Once a peaceful country, Syria is at war and people are looking to escape the violence in search for a better life and opportunities for their children and families. This is one of gravest migrant emergencies that the world has ever witnessed. While countries are debating whether to open their borders for migrants, there are some people who understand the plight of refugees who are only looking for a safer life, which is also a basic human right.
Amr Arafa, a 34-year-old Egyptian man, living in America, has launched a website for people to open their homes to refugees.
Arafa believes that more than the lawmakers, it's the duty of the common people to make migrants feel at home. His website, EmergencyBnB, is based on Airbnb services, which allows people to list their homes to rent out to travellers. The only difference is that EmergencyBnB doesn't charge anything! He himself has opened his studio apartment in Washington up to refugees and domestic violence victims. Below is the picture of an umbrella and a note left by one of the refugees who took shelter in Arafa's apartment. As reported by the Washington Post, Arafa said:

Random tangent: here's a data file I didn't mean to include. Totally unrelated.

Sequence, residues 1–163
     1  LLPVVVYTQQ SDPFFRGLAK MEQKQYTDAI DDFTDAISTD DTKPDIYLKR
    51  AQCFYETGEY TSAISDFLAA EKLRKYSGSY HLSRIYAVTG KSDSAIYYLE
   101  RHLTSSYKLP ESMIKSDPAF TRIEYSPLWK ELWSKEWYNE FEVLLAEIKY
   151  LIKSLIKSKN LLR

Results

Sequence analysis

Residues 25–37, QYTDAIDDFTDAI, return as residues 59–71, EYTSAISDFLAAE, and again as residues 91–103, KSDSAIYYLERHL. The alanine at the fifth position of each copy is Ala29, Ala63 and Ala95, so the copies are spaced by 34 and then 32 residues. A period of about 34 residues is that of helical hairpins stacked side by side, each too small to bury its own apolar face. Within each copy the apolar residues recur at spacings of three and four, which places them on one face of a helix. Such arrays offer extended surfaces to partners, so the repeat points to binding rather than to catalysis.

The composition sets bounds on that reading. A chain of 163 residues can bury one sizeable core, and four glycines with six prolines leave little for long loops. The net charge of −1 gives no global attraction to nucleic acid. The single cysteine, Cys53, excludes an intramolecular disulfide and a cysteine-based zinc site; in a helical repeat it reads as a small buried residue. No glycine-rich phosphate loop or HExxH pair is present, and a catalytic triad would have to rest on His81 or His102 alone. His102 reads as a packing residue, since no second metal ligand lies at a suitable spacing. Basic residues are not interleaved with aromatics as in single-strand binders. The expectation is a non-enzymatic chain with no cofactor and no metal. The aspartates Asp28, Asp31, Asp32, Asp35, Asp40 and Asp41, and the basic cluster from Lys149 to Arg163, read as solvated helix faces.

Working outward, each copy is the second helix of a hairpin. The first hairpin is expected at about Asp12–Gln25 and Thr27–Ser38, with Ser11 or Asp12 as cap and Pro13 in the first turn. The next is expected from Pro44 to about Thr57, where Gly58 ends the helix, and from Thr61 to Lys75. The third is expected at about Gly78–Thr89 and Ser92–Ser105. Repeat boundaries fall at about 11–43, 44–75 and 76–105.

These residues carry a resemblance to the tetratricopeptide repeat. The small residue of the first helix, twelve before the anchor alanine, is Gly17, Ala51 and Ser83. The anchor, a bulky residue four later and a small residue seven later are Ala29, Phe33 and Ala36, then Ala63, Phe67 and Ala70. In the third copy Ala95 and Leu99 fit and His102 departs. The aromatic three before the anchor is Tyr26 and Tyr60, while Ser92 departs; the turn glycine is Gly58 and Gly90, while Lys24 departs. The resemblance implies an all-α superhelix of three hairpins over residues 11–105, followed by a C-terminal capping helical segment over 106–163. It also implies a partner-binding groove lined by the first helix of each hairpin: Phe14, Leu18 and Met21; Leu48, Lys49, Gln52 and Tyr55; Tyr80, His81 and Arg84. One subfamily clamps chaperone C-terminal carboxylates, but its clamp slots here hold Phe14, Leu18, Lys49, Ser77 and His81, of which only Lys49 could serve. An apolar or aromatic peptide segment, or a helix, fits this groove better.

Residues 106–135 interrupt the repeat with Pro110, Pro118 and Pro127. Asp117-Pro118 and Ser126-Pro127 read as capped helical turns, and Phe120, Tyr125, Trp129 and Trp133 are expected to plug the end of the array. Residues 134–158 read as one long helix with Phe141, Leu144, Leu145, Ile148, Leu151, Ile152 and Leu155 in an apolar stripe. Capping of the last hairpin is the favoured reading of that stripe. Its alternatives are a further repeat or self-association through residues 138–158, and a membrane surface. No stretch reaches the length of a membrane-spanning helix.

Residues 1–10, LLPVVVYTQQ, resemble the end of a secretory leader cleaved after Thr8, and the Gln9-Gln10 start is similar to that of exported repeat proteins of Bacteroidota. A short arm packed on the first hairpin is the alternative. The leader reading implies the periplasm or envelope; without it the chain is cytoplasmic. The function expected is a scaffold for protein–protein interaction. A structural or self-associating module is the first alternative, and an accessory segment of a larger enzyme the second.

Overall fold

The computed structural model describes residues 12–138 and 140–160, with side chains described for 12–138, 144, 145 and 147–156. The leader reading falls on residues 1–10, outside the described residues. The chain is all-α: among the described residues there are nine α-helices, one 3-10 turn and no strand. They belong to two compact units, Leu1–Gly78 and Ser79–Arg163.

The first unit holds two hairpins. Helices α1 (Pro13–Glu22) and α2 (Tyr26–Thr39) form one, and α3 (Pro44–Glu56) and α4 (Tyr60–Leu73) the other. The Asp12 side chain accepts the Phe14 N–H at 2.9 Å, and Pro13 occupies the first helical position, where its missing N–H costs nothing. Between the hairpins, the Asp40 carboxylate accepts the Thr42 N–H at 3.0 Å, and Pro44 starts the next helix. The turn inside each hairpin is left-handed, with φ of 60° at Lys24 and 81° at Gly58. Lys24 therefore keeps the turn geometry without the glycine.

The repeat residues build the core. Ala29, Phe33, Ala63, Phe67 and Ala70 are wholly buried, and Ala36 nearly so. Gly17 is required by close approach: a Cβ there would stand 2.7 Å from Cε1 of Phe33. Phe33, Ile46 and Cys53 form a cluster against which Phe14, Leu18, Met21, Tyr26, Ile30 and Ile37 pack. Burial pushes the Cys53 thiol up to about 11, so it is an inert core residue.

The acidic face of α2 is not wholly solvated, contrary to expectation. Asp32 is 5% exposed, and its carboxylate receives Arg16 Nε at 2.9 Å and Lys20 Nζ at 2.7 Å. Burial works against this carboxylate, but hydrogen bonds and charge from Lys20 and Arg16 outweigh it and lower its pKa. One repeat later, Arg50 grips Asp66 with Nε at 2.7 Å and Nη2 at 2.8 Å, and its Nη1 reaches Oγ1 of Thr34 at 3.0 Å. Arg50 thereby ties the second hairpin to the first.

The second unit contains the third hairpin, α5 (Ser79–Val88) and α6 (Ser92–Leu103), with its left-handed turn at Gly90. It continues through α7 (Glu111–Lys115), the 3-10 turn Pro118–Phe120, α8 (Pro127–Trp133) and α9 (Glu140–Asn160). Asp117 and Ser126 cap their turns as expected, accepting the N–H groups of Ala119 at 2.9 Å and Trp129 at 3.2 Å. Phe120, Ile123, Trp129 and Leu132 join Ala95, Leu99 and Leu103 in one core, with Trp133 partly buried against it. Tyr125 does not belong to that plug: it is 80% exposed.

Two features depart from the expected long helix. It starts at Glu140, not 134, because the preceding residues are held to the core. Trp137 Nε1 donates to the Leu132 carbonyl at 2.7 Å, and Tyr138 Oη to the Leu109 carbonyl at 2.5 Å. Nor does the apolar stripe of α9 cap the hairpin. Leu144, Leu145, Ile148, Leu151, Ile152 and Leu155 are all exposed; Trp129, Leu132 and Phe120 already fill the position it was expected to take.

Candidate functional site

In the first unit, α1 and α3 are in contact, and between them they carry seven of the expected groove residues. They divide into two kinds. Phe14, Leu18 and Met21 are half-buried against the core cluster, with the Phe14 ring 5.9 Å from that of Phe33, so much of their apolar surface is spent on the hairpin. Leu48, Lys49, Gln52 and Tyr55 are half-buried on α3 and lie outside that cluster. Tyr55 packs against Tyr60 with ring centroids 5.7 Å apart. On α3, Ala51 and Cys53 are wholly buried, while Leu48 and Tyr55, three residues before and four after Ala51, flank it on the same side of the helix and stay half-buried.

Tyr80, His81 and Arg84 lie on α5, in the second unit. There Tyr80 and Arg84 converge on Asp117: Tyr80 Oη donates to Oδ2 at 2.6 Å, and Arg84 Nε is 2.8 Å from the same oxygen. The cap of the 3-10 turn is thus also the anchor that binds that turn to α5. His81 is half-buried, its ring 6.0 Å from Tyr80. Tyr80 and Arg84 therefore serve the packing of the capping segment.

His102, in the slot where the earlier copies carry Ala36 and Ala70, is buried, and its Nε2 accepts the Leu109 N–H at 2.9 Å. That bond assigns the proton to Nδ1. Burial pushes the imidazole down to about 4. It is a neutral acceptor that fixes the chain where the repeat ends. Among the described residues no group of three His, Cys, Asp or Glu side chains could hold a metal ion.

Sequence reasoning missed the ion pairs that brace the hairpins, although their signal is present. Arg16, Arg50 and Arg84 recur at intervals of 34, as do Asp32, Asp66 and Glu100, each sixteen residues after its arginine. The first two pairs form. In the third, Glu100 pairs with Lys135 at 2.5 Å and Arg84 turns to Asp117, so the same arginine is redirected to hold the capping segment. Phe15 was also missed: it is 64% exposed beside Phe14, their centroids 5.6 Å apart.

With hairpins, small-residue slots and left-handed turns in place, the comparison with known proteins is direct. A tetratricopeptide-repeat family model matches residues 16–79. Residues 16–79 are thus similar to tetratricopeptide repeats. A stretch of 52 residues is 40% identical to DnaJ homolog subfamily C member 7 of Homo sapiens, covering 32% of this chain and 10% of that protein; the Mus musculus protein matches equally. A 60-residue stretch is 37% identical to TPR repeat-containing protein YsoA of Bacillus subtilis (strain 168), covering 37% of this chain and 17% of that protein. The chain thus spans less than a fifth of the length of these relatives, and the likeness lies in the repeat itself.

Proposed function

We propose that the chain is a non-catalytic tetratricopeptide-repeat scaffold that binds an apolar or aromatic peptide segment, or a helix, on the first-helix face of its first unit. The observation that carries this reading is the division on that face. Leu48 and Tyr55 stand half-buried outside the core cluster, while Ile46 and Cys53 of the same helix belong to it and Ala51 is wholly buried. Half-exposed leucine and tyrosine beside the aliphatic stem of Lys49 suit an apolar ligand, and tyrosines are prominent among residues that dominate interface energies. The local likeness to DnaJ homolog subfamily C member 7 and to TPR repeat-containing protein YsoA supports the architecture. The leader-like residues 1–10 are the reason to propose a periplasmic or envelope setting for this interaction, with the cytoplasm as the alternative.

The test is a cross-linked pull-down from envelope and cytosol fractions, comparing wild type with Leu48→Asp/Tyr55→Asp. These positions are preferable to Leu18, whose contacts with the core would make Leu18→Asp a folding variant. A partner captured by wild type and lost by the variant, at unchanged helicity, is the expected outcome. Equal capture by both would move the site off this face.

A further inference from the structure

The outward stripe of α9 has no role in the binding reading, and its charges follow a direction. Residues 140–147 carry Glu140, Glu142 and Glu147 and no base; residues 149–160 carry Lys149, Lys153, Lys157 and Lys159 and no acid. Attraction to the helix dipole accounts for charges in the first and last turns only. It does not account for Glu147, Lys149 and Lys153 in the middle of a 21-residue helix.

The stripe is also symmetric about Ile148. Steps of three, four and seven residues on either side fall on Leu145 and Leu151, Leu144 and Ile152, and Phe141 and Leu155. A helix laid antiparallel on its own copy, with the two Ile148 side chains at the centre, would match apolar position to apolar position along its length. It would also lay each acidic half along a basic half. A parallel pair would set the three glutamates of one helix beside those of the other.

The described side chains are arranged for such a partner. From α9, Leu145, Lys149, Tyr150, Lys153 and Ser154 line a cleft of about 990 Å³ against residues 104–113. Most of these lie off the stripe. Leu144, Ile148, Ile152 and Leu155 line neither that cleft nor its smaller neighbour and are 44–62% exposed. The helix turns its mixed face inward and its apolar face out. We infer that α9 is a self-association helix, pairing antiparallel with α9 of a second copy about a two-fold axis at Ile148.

"EmergencyBnB is not about the government giving you a place to stay. It's about the fact that your neighbors care about you."
Arafa moved to the United States 11 years ago for his graduate studies and has since been living there on temporary education and time-bound work visas. It was a matter of great relief for him when when he secured a green card in 2015, and that helped him visit his mother in Egypt after 8 years. The turning point in Arafa's life came when he saw a video of a Hungarian woman running over a Syrian refugee holding his child. That was the first step towards EmergencyBnB, where victims of domestic violence and refugees in need of shelter can get in touch with people willing to offer them a place to stay.